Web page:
I travel as much as possible at home and abroad. I'm always ready for new experiences
Published October 31st 2012
A visit to Mr Darcy's house
It was a large, handsome, stone building, standing well on rising ground, and backed by a ridge of high woody hills; and in front, a stream of some natural importance was swelled into greater, but without any artificial appearance. Its banks were neither formal, nor falsely adorned.
This quote refers to the fictional Pemberley, the grand home of Mr. Darcy, in Jane Austen's most famous novel Pride and Prejudice. It is thought that Austen based Pemberley on the real Derbyshire estate of Chatsworth, ancestral home of the Dukes of Devonshire. Chatsworth doubled for Pemberley in the 2005 adaptation of Pride and Prejudice, which is not to be confused with the earlier BBC adaptation (1995) set in Lyme Park. Aside from its prestigious literary connections, Chatsworth house and gardens are a magnificent setting for a day trip out of London.
Sheep on the grounds of Chatsworth. Photo by Erin Connelly.
Chatsworth is still home to the Duke and Duchess of Devonshire, who represent 16 generations and five centuries of the Cavendish family. A heritage which is also connected to Queen Elizabeth's good friend Bess of Hardwick, creator of Hardwick Hall.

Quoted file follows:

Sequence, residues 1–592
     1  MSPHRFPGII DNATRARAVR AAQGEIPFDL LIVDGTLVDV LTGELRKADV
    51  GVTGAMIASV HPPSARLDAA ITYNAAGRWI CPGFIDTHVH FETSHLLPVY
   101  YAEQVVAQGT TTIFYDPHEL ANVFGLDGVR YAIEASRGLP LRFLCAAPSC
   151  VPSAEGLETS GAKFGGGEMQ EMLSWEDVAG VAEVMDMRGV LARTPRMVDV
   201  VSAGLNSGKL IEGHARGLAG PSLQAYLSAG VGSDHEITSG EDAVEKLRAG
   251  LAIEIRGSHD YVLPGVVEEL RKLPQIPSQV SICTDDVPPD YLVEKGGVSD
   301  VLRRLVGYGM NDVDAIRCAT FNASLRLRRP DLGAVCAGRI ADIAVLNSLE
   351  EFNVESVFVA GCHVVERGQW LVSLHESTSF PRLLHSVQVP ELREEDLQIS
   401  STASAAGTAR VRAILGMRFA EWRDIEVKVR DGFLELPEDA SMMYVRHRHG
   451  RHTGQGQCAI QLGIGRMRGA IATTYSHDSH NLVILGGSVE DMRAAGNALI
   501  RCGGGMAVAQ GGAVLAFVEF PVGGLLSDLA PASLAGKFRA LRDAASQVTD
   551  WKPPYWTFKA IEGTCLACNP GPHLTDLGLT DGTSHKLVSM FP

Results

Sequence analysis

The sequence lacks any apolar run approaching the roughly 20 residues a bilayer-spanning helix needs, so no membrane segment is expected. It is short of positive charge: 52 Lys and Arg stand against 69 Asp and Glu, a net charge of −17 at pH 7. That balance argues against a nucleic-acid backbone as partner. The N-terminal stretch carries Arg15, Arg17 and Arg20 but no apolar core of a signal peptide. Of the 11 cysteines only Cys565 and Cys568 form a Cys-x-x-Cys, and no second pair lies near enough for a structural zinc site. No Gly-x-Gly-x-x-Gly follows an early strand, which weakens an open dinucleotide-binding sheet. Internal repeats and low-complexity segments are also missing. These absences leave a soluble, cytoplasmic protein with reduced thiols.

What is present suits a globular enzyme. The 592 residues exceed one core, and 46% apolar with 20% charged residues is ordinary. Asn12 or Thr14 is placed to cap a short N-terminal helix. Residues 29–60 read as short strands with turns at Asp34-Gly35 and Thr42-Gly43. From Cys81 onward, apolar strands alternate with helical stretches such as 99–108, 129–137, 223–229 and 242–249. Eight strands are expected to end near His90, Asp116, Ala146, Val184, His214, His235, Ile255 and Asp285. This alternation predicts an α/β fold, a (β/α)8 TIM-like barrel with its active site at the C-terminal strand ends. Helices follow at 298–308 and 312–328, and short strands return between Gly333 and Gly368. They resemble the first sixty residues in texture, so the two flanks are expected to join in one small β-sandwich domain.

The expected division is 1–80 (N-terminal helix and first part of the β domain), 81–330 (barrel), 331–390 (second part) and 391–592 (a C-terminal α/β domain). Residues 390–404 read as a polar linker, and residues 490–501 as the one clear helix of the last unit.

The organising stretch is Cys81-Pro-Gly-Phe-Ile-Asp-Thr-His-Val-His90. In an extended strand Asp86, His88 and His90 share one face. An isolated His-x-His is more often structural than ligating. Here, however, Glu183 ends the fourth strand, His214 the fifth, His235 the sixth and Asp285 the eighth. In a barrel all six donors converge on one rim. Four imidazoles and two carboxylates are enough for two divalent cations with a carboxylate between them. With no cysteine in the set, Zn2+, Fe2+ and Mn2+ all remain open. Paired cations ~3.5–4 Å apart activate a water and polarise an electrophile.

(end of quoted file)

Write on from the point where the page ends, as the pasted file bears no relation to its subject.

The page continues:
The house has several dozen rooms open to visitors, which range from period recreations to modern sculpture galleries. Art is, in fact, a major reason to tour the house – Chatsworth is home to one of Europe's most diverse collections and it is continually evolving and growing. There are frequent art and sculpture exhibitions at Chatsworth involving everything from Edwardian cross-stitch to the mighty masters to the most cutting-edge contemporary art.
The house is set in a 1000 acre park of which 105 acres are devoted to manicured gardens, a maze, a coal tunnel, ponds, fountains, and rare and exotic plants.
Towers in the woods around Chatsworth. Photo by Erin Connelly.
In keeping with the artistic theme, there is also a permanent exhibition of sculptures throughout the gardens. The most prominent water feature at Chatsworth is the 300 year old cascading fountain, which flows like a waterfall from the top of the hillside next to the house to a pool at the bottom.
Visitors are very welcome to explore the gardens and park at their leisure. Chatsworth is a lively place with ever-changing exhibitions and seasonal events. Visit the website frequently for new information or just stop by for a tour of the stunning grounds and scenic home.
Where:Chatsworth is 8 miles north of Matlock off the B6012. It is 16 miles from the M1 Junction 29, signposted via Chesterfield (follow brown signs), 42 miles from the M6 Junction 19 and 30 minutes from Chesterfield rail station.
Cost:Variable, see http://www.chatsworth.org/visiting/admission-prices
This was quite nostalgic for me. I lived in Derbyshire from the age of 5 to 13 and our village was on the edge of the grounds of Chatsworth, so you could walk to the house from our house. Thank you for a lovely memory trip! Sally